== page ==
A PILOT involved in a fatal plane crash on the Isle of Bute which claimed the life of his only passenger was not up to date in his training, investigators have found.

A report by the Air Accident Investigation Branch (AAIB) said there was no evidence that the 53-year-old pilot, who has not been named, had completed the additional training necessary to fly the single-engined Sportcruiser G-EWZZ.

The light aircraft crashed moments after take-off from runway 27 at Bute Airstrip, near Kinglass, at 2.40pm on August 9 last year.

According to the pilot, the engine had cut out and the aircraft was unable to climb, leading him to attempt an emergency landing. Instead the plane struck the ground and overturned before coming to rest upside down in a ditch and catching fire.

Both the pilot and his passenger, 63-year-old Thomas McGowan, from Stonehouse in Lanarkshire, suffered severe burns and were airlifted to hospital in Glasgow.

Mr McGowan later died from his injuries.

The friends had flown from Strathaven to Bute for a lunch with other pilots, and were the last to take off.

The AAIB report into the incident noted that the pilot had obtained his National Private Pilot's License in April 2010 and accumulated 100 flying hours on the Sportcruiser prior to the crash.

However, investigators said that while his logbook showed he had "met the ongoing validity requirements" to pilot a simple single-engine Aeroplane (SSEA), this rating "requires additional differences in training to operate aircraft with variable pitch propellers", which the Sportscruiser had been fitted with.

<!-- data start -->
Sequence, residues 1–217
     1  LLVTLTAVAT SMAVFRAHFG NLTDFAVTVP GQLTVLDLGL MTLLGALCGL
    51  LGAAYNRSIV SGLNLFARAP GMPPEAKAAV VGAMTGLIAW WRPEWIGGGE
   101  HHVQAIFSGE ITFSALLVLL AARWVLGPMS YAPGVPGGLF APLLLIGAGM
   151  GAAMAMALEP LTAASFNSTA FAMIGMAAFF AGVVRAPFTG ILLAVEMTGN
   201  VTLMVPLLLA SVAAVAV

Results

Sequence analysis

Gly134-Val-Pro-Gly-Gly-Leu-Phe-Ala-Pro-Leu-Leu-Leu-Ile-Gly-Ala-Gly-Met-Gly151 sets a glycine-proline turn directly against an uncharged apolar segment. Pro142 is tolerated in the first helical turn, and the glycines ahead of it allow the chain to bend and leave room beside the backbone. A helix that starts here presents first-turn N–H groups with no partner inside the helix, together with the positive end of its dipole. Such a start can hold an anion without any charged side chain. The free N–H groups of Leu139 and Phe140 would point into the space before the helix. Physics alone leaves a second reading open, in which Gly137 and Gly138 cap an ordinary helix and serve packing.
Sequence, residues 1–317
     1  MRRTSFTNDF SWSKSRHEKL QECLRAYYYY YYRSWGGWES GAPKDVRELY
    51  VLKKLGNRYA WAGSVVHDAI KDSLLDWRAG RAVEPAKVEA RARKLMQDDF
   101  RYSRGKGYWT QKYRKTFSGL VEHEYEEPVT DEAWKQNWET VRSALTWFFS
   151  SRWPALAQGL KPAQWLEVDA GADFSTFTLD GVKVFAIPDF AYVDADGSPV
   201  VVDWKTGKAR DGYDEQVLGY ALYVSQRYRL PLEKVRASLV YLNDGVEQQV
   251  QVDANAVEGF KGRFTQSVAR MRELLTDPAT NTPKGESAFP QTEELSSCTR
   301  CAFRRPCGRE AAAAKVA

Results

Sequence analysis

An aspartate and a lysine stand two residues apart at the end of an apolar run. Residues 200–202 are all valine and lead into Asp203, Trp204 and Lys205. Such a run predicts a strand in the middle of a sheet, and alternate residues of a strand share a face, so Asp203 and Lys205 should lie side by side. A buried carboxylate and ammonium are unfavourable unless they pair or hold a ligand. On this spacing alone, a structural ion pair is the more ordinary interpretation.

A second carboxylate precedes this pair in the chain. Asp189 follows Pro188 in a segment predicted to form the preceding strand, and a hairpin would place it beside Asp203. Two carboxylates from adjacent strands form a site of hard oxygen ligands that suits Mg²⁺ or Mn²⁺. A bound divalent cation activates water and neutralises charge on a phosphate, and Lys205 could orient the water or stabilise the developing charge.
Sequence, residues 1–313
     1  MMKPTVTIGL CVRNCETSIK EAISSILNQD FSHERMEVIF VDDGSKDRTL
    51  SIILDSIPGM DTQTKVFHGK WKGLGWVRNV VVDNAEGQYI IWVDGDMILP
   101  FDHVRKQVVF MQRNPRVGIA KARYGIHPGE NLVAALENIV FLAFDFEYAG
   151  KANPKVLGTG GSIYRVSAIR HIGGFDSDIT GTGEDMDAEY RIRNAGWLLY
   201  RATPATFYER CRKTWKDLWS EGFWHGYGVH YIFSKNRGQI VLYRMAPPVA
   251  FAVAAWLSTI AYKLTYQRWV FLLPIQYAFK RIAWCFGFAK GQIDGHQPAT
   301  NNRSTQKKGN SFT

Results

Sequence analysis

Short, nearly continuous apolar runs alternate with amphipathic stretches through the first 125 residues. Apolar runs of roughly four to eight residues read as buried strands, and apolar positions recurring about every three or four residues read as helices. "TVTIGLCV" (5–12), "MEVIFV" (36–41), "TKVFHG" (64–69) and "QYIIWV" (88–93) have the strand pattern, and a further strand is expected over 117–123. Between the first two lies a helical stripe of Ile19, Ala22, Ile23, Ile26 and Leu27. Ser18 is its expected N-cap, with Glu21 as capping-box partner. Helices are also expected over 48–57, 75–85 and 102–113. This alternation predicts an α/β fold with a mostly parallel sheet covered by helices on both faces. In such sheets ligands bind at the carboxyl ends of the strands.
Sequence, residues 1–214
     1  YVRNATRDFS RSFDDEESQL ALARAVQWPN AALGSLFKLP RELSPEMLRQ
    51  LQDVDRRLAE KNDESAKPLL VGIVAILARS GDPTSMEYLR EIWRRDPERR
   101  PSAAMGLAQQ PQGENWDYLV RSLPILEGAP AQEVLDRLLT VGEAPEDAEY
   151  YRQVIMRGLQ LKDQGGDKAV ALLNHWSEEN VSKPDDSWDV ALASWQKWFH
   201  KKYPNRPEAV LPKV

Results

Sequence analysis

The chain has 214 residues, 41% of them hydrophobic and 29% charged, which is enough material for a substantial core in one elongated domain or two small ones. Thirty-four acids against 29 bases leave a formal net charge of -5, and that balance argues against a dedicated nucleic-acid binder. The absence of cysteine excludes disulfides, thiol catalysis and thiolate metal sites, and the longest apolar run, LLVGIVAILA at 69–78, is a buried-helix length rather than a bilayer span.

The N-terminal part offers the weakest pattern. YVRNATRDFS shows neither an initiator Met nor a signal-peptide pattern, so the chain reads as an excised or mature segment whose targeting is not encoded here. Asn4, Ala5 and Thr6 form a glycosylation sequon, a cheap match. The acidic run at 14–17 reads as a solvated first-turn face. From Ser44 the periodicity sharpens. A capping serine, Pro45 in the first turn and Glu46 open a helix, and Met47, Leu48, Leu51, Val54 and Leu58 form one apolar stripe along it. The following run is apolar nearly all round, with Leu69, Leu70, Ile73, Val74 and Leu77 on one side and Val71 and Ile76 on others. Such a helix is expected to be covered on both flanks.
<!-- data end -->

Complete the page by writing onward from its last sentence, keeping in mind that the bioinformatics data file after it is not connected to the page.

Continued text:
The report continued: "Such training is recorded by an entry and signature in the pilot's logbook by a suitably qualified instructor; there was no record that this additional training had been completed."

Accident investigators also found that the home-built aircraft had been "fitted with unrecorded modifications, which meant that it was not in compliance with its Permit to Fly".

In particular, the modifications meant the aircraft was "likely to have been over its approved [weight] of 600kg", although investigators said it was unlikely that this alone had inhibited its ability to climb.

The pilot had also disabled the stall warning system due to a number of "spurious warnings".

However, investigators said the level of fire damage to the aircraft meant it was impossible to determine whether the engine had lost power and caused the crash.

The AAIB has issued a number of safety improvement in relation to on-board parachute systems for this type of aircraft.